4. Base rock:  Finally, you’ll want to cover the reservoir with a layer of rock that the water  flows over and disappears into. There are many different types, sizes and  colors of rock to choose from, depending on your personal preferences. You can  mix and match sizes and colors, as well as incorporating pieces of natural  wood, metal sculptures and other objects you might like.

Putting it all  together

Select an area for the water feature, and lay out the  general size and shape you want. Remember that the overall size of the rock  base can be the same size as the reservoir, or it can be substantially larger.

Next, you’ll need to excavate a hole for the reservoir  itself. The hole should be a little wider and a littler deeper than the  reservoir, to allow for leveling and backfilling. Place a layer of sand in the  bottom of the hole, which will make it easier to level the unit, and also  protects it from rocks. Check the level in all directions; pack some additional  sand into the hole around the base to stabilize it; and then backfill up to the  level of the top lip.

If you’re installing a heavy water feature such as a piece  of basalt, it’s typically installed next, directly on top of the reservoir for  stability. Be sure you have adequate help for lifting this into place; some  larger pieces will even require a forklift or other machinery. Route the hose  through the hole in the rock, and seal it with an approved sealant.

Install the pump in the reservoir and connect the hose.  Route the wire from the pump to an exterior-approved, GFCI-protected electrical  outlet, but don’t plug the pump yet. Make sure the inside of the reservoir is  clean, then fill it with clean water. Activate the pump and test all the  connections and the flow rate. If everything looks good, install the access  door on the top of the reservoir, then cover the top of the reservoir with the  base rock.


You can sometimes find small water feature kits, with a  reservoir, pump and all the other components, at home centers, warehouse stores  and other retailers. For larger pump and reservoir equipment, check with any  local retailer that handles landscaping supplies, including nurseries or  sprinkler dealers. They’ll either have the materials you need in stock or they  can easily order them for you. They can also work with you on the proper sizing  of the pump. You can also find what you need online; start with a search for  “disappearing water features,” and go from there.

For basalt and other rock, check with any local retailer of  rock supplies. They can also drill rock for you if you find a specific piece  that you like, and can assist you with delivery and placement. As far as the  electrical wiring’s concerned, consult with a licensed electrician to have the  proper GFCI outlet installed near the water feature’s location.

Just a comment – For those looking to sell their home this spring/summer, this would be a cool feature to have and gives a little WOW as the potential buyer drives up to your home.    Joan Parcewski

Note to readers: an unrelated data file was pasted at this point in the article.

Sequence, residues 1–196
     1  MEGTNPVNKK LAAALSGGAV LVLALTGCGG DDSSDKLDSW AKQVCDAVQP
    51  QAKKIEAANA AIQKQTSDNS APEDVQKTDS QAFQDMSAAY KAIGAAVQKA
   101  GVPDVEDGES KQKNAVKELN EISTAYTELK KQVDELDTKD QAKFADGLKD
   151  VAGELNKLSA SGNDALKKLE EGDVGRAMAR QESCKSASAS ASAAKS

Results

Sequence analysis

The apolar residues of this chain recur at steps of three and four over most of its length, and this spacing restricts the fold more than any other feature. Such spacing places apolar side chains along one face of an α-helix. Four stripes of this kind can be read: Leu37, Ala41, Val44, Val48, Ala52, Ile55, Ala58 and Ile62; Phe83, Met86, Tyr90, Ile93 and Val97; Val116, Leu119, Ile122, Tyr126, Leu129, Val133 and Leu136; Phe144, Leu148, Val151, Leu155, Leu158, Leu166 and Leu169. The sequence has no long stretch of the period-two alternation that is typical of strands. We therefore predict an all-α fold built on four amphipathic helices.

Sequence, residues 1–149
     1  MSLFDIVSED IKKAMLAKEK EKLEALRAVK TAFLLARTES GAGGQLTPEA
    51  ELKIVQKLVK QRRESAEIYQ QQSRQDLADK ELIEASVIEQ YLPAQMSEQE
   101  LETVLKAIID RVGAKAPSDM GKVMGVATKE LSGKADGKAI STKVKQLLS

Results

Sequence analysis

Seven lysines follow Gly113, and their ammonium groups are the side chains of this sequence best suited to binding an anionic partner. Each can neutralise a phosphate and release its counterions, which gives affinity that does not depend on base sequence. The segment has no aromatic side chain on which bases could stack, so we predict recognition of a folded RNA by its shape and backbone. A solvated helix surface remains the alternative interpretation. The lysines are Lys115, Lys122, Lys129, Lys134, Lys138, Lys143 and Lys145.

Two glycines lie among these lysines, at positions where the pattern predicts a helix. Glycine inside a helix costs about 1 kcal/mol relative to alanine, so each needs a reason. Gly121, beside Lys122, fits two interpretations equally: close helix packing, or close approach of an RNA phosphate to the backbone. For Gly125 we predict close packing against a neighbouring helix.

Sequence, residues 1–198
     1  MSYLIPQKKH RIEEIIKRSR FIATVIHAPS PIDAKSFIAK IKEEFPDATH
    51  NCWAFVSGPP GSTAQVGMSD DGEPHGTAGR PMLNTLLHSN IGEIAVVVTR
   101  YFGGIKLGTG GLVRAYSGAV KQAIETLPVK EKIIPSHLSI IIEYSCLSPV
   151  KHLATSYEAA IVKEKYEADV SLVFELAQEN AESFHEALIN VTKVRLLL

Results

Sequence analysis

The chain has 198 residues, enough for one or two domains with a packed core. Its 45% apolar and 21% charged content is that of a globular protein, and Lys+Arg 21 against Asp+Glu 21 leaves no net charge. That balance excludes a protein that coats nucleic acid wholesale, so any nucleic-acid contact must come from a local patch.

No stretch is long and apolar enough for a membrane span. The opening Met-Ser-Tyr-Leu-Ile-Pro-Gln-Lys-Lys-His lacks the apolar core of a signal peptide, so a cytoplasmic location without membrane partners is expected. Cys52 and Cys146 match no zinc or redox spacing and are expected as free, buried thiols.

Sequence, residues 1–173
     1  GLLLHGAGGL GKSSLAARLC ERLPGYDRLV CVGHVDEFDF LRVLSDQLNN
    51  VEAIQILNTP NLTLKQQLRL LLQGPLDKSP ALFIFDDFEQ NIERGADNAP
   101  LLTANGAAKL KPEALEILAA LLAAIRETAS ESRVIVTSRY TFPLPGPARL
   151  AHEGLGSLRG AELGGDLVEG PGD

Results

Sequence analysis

10 Home Maintenance Tips for Spring – A Reprint from Inman News – 4/10/2012

It’s spring and we all are thinking about all those things we now need to take care of both inside and outside the home.  This is a great list to start for all of us from Paul Bianchina from


The sun is peeking out and the plants are starting to blossom, so it must be about time for spring chores again. Here’s my annual spring checklist of important issues to tend to around the house.

1. Roofing repairs: If you suspect winter storms may have damaged your roof, it needs to be inspected. (If you’re not comfortable with the height or steepness of your roof, hire a licensed roofing contractor for the inspection.) Look for missing or loose shingles, including ridge-cap shingles.

Examine the condition of the flashings around chimneys, flue pipes, vent caps, and anyplace where the roof and walls intersect. Look for overhanging trees that could damage the roof in a wind storm, as well as buildups of leaves and other debris.

If you have roof damage in a number of areas, or if older shingles makes patching impractical, consider having the entire roof redone. Also, remember that if the shingles have been damaged by wind or by impact from falling tree limbs, the damage may be covered by your homeowners insurance.

2. Check gutters and downspouts: Look for areas where the fasteners may have pulled loose, and for any sags in the gutter run. Also, check for water stains that may indicate joints that have worked loose and are leaking. Clean leaves and debris to be ready for spring and summer rains.

3. Fences and gates: Fence posts are especially susceptible to groundwater saturation, and will loosen up and tilt if the soil around them gets soaked too deeply. Check fence posts in various areas by wiggling them to see how solidly embedded they are.